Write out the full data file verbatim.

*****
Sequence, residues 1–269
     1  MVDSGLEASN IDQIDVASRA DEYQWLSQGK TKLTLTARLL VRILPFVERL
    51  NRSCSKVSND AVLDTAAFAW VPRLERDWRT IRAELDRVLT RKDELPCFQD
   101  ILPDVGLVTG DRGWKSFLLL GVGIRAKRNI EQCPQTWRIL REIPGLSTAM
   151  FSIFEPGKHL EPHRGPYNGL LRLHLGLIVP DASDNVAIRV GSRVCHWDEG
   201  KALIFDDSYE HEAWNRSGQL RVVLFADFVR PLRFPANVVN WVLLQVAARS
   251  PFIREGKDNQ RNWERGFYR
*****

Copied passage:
Sequence, residues 1–269
     1  MVDSGLEASN IDQIDVASRA DEYQWLSQGK TKLTLTARLL VRILPFVERL
    51  NRSCSKVSND AVLDTAAFAW VPRLERDWRT IRAELDRVLT RKDELPCFQD
   101  ILPDVGLVTG DRGWKSFLLL GVGIRAKRNI EQCPQTWRIL REIPGLSTAM
   151  FSIFEPGKHL EPHRGPYNGL LRLHLGLIVP DASDNVAIRV GSRVCHWDEG
   201  KALIFDDSYE HEAWNRSGQL RVVLFADFVR PLRFPANVVN WVLLQVAARS
   251  PFIREGKDNQ RNWERGFYR